Though scary, this new discovery may allow for aircraft and ships to have forewarning from satellite images. Satellite analysts are looking for more hexagonal clouds and can alert anyone in the area of possible microbursts.
A new Pepe the Frog cartoon drawn by original creator Matt Furie showed the downward spiral the meme has taken.
In a new comic posted yesterday on The Nib, Furie depicts the sad frog slowly transforming into a blonde, wrinkled version of himself with mouths for eyes and fanged teeth. This seriously dark commentary on how his cartoon character became an out-of-control meme is aptly titled “Pepe the Frog: To Sleep, Perchance to Meme; The creator of Pepe draws his alt-right election nightmare.”
Pepe the Frog is not meant for white supremacist purposes, and Furie’s cartoon commentary condemns the racist ways his character has been used.
The Anti-Defamation League put the frog into its “Hate on Display” database on Sept. 27, where the swastika and Ku Klux Klan robes are also listed. The frog had been appropriated from its humble beginnings by internet users for racist, bigoted and anti-Semitic ideas, the ADL’s news release explained.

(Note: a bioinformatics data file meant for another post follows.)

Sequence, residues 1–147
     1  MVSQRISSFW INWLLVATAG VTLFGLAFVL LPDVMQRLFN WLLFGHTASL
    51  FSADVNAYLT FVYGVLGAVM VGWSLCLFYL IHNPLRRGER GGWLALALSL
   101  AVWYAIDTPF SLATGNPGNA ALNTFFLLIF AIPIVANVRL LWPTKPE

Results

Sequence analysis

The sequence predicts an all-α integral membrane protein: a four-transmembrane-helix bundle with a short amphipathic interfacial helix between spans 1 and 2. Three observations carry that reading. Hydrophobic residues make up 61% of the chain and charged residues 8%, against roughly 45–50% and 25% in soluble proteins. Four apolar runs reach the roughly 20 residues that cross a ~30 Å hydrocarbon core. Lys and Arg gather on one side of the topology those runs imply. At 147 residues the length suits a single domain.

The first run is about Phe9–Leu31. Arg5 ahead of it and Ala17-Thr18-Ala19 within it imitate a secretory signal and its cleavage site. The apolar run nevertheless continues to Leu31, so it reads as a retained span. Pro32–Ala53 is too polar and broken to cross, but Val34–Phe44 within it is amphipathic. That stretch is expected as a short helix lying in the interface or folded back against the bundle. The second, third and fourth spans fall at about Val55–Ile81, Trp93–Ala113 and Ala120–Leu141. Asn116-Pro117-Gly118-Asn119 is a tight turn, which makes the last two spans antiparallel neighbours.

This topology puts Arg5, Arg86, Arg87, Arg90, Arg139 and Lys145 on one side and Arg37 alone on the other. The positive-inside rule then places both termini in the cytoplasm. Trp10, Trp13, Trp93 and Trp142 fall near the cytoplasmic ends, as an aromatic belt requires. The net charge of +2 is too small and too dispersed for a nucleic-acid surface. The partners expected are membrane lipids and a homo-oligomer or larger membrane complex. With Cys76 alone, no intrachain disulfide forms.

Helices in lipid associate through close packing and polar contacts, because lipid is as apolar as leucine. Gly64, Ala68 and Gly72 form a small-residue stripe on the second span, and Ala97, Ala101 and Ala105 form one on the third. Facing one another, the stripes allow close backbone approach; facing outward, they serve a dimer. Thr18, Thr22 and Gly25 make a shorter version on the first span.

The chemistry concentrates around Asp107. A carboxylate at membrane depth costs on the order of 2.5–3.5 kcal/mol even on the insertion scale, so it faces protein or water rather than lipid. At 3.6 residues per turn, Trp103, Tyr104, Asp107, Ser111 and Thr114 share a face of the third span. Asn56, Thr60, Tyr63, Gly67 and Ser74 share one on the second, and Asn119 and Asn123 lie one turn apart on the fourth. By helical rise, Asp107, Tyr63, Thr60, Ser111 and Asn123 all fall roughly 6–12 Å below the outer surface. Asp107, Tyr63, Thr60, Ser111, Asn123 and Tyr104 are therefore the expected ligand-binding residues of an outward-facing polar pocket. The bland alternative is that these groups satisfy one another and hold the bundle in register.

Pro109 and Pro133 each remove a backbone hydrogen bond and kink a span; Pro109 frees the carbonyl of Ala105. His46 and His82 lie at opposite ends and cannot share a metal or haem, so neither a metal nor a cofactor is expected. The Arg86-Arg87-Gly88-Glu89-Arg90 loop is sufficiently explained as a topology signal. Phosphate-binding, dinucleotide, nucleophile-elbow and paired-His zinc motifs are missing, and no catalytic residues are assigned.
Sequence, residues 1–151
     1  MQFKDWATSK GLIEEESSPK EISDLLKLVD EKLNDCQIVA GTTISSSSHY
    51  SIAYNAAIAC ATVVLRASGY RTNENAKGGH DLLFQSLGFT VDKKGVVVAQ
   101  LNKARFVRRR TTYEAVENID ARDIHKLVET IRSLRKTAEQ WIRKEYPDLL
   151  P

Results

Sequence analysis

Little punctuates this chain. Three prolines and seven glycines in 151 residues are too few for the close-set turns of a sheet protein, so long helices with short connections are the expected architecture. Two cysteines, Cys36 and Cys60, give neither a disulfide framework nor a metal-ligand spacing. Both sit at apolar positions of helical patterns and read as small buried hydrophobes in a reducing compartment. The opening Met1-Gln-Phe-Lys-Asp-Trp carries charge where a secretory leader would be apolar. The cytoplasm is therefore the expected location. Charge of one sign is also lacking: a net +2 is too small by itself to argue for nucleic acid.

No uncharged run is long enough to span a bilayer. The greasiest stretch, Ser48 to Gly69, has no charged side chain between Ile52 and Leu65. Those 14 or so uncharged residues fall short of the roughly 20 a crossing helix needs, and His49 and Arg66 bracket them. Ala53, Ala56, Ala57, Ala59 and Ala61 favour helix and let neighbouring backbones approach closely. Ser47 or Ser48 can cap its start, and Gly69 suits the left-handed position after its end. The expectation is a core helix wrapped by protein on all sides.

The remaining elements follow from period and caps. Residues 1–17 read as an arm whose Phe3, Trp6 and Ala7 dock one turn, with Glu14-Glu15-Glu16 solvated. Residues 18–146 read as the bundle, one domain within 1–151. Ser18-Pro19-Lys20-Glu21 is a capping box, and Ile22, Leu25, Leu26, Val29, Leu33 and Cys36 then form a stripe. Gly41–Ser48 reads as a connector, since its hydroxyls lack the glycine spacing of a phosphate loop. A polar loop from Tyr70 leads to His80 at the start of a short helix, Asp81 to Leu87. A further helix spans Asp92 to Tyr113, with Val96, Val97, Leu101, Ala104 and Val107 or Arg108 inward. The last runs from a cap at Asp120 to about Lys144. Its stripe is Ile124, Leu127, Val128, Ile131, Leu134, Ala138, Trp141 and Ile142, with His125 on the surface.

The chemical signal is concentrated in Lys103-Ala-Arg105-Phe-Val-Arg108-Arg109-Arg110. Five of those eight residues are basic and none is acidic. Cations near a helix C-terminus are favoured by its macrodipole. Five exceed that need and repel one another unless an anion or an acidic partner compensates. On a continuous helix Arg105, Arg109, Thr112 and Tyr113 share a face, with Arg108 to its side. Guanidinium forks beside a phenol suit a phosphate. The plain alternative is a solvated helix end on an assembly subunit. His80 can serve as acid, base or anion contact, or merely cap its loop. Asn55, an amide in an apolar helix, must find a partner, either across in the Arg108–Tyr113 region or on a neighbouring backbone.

Matt Furie, the original creator of Pepe, decided enough was enough. On Oct. 14, the ADL published a news release announcing the partnership between Furie and the organization.
“Pepe was never intended to be used as a symbol of hate,” ADL CEO Jonathan A. Greenblatt said. “The sad frog was meant to be just that, a sad frog. We are going to work with Matt and his community of artists reclaim Pepe so that he might be used as a force for good, or at the very least to help educate people about the dangers of prejudice and bigotry.”